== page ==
UKOG Horse Hill tight oil discovery to be drilled not fracked

By Josie Shillito
Published: Thursday, 09 April 2015

The identification of 158m barrels of oil per square mile in the south of the UK has raised eyebrows with the announcement that despite being a shale oil resrve, the discoverers UKOG believe it can be extracted using conventional drilling muds, rather than by fracking.

The discovery of an estimated 8.6bn barrels of oil reserves in the southern UK county of Sussex could spell fresh demand for mineral-based drilling muds.

UK Oil & Gas Investments (UKOG) revealed today that estimates for its Horse Hill well in the Weald Basin in Sussex has total oil in place amounting to 158m barrels per square mile, over an area of 55 square miles (142.5km2).

Even though the oil identified is tight oil contained in shale rock, UKOG says that the reserves will be recovered using conventional drilling techniques using muds and not hydraulic fracturing (fracking) with frac sand or ceramic or resin-coated proppants, explained a UKOG spokesperson.

This is because the rock is already naturally fractured, the company explained.

As is typically the case with shale oil, approximately 3-15% of the reserves are recoverable, or 258m–1.29bn barrels of oil, according to the company's press release.

Mud used in oilwell drilling typically contains barite (barytes), calcium carbonate, bentonite, graphite, ilmenite and mica. Completion fluids using bromine chemicals are also commonly employed.

During the drilling process, the mud is circulated to cool the drill bit, convey rock chippings to the surface and to seal permeable layers and fractures.

World barite production is very closely correlated to the total world rig count (see graph). The 8.6bn barrel total at Horse Hill is over half of the total number of barrels of oil in reserves in the whole of Brazil (14bn barrels).

Over the past two years, barite prices have moved up from $145-160/tonne to $157-172/tonne for Moroccan (OCMA/API, bulk) SG 4.2 material on a C&F North Sea basis, according to IM Prices Database. Indian and Chinese barite prices have also risen, although these are marginally cheaper than material sourced from Morocco.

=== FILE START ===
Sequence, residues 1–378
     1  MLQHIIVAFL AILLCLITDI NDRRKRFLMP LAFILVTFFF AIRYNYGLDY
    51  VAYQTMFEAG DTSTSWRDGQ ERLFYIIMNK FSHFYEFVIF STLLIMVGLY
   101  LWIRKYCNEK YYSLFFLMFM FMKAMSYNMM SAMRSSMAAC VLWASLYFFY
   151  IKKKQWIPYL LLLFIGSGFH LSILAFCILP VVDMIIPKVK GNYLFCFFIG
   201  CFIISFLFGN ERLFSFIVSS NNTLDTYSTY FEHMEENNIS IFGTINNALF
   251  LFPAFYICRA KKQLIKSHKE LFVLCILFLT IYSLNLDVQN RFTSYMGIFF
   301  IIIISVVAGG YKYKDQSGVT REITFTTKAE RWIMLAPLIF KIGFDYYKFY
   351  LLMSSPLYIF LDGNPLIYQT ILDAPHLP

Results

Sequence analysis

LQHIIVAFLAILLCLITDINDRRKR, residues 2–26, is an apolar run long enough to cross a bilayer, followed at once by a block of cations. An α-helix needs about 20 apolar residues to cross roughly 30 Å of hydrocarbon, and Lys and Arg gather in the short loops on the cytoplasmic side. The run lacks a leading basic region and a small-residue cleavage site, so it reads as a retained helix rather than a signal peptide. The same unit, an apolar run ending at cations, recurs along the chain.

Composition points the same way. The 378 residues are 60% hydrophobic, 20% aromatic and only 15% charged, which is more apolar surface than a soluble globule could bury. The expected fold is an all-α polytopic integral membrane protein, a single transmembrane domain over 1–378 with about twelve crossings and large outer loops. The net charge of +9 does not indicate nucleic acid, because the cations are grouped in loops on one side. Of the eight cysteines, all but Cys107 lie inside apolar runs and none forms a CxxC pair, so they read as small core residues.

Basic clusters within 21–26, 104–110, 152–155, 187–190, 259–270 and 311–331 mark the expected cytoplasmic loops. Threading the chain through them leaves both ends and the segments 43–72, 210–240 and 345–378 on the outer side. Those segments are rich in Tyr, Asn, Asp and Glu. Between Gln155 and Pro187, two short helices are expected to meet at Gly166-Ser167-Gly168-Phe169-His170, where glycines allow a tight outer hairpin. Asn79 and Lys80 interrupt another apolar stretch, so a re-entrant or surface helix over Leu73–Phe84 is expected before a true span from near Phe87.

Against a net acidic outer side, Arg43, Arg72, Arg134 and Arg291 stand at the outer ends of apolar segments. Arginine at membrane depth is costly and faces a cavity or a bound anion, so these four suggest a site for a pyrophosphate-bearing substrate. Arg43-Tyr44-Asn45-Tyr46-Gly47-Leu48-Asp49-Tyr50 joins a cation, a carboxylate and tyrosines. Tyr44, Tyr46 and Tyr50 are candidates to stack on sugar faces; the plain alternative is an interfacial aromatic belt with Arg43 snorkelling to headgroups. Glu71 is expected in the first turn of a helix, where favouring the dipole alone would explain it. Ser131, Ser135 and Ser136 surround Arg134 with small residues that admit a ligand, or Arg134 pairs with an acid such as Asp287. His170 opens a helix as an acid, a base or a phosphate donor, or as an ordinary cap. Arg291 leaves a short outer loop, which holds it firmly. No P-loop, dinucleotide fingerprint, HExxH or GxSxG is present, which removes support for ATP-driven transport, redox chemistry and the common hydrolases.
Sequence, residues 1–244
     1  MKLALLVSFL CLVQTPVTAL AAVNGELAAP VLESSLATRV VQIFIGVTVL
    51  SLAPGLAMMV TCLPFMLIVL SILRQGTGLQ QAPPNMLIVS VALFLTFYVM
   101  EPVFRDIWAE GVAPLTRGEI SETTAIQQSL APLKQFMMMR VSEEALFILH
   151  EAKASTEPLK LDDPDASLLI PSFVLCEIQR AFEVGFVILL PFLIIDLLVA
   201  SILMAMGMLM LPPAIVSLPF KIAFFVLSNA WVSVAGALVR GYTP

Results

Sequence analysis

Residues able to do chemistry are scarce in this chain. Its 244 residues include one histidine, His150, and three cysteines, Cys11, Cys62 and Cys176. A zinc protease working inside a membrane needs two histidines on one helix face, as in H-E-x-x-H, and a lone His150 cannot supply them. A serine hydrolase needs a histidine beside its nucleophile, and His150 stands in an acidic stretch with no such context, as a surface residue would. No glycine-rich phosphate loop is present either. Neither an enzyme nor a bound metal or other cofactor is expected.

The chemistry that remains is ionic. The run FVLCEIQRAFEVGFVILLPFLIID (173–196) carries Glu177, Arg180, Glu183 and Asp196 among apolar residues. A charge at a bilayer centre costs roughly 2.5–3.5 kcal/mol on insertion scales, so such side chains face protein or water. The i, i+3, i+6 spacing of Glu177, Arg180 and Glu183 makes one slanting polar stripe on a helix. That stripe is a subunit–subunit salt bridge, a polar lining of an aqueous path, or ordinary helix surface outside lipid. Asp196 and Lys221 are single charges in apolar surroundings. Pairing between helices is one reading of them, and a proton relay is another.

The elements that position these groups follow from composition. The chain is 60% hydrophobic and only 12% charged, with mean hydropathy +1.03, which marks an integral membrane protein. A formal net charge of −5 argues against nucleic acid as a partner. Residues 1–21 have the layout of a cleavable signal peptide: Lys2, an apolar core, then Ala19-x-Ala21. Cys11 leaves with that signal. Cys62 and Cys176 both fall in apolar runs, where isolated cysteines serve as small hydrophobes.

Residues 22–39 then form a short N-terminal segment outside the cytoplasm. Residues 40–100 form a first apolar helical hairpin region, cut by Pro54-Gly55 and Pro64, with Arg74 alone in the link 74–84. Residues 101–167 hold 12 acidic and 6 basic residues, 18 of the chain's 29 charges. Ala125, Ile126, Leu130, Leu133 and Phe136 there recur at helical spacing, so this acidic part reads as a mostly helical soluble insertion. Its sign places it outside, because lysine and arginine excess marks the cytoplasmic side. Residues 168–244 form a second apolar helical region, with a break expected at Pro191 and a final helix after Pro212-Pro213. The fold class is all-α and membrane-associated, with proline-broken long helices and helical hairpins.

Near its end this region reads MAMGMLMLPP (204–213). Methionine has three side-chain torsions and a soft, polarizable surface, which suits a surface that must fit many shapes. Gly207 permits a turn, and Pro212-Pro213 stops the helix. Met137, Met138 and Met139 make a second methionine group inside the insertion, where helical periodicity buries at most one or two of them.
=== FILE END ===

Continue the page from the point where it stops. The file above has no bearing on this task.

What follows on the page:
The Horse Hill asset will have further results shortly, according to the press statement published today.

An estimate of total oil in place in the licence will be given following ongoing analysis of the asset by US petrophysical intelligence outfit, Nutech.

"These initial results suggest a very large volume of oil in place, which could potentially help  to stem the rise in oil imports and improve Britain’s energy security and balance of payments.  Further appraisal work will be needed to test what could be economically and technically recoverable," said Ken Cronin, the chief executive of United Kingdom Onshore Oil and Gas (UKOOG).  

Graph: World barite production compared with world oil and gas rig count 1975-2013

World barite production compared with world oil_gas rig count 

For more information on drilling-grade barite, contact IM Research, which has recently published an in-depth report on this mineral and its use in conventional and unconventional drilling worldwide. The above graph has been taken from the Drilling-Grade Barite research report.



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